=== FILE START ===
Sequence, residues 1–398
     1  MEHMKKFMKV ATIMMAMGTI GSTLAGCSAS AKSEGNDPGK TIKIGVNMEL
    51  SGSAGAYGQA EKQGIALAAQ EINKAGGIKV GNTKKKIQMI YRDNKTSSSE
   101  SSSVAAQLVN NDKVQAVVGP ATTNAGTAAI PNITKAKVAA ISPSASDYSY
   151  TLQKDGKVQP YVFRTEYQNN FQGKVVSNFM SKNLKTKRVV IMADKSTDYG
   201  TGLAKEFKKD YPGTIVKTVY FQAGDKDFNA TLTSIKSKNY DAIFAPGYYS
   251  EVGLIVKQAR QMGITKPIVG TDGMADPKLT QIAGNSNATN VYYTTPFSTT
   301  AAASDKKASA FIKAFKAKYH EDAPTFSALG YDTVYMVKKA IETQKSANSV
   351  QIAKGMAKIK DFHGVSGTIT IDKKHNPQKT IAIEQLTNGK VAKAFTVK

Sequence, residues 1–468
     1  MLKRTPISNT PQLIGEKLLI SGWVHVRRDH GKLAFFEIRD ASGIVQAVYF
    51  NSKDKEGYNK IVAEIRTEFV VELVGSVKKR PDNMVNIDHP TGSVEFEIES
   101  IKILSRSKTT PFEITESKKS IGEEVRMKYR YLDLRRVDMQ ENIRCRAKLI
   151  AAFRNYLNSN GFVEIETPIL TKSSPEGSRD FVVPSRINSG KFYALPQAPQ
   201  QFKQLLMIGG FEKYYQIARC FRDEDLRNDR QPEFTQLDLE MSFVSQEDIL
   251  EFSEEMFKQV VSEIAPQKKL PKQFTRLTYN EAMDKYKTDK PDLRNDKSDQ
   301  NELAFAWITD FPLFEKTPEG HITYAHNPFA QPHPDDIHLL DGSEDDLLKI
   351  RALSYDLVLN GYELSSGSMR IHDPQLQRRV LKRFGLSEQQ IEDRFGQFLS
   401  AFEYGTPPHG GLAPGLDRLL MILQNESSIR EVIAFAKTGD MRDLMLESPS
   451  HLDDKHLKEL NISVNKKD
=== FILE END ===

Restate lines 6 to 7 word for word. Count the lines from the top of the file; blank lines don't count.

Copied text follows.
   201  TGLAKEFKKD YPGTIVKTVY FQAGDKDFNA TLTSIKSKNY DAIFAPGYYS
   251  EVGLIVKQAR QMGITKPIVG TDGMADPKLT QIAGNSNATN VYYTTPFSTT